Commissioned Art Works are a motivation in themselves, influenced entirely by what the client desires in the works I have created in the past. Lately, I have been creating a lot of custom pieces for Fly Tiers, “Portraits of their Signature Flies in Abstract”. When I started with my Abstract Fly Collection in’08, I never would have thought it would have evolved like this, but I love it, and the clients enjoy the process and the finished works. Note photos attached
Fd: Is there a particular message or feeling you want to convey through your works?
Tom: Emotional response, hopefully positive, I find that it is an emotional response to a beautiful sunset or scene, or interaction in nature, and that’s the plane that we are communicating on.

I look at my Abstract Fly’s as an Impressionism, painting more of what I feel that what I see figuratively, obviously some are painted to figuratively represent the subject for a more realistic audience, and when I create a commissioned piece, it’s guided by the clients desire, since it’s for them, create it for them!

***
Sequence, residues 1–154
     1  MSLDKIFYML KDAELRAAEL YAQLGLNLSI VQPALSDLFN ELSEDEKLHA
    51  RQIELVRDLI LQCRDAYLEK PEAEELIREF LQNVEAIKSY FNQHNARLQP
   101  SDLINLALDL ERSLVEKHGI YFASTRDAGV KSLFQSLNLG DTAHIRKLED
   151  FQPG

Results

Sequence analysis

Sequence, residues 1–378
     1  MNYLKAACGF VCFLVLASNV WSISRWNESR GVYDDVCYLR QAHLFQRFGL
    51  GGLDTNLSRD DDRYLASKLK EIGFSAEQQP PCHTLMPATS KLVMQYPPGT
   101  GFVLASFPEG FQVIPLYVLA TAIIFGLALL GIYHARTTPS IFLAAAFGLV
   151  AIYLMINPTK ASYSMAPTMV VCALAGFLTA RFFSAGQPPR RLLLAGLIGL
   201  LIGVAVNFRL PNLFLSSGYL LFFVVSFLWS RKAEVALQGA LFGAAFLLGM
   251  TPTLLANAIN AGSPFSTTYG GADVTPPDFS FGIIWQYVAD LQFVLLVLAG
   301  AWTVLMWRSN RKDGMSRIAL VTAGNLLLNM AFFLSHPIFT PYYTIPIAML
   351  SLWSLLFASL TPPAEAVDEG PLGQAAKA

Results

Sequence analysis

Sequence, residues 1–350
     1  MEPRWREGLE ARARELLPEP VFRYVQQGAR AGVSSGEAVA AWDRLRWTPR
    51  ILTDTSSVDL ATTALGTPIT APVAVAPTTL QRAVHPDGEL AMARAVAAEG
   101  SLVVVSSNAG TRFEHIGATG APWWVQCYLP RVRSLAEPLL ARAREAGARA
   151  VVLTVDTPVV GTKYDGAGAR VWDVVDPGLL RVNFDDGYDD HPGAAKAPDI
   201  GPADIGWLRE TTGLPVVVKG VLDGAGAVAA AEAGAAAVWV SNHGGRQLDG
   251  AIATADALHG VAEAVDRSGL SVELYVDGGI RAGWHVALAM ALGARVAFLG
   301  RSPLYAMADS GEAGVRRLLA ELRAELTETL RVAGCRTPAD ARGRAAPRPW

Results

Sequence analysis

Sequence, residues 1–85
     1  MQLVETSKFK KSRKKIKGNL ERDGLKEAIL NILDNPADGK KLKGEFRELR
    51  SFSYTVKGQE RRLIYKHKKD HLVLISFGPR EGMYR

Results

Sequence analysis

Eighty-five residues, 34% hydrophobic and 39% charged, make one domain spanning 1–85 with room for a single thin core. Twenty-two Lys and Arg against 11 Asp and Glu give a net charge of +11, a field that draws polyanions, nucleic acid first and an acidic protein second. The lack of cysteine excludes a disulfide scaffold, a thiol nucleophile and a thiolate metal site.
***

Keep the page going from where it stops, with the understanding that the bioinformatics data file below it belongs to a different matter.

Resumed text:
Fd: Any time for fly fishing, Tom?
Tom: My lifestyle when living in Montana was far more engaging with my outdoor interests than right now here in Spokane, however this area has terrific access to fishing and outdoor activities. Most my favorite spots are back in Montana and I try to get over there a couple times a year, it’s not far from here, and also explore new areas here in Washington. The Steelhead and Salmon runs here are a unique aspect to living here, and I look forward to that.


FdWhere can we find more about your artwork?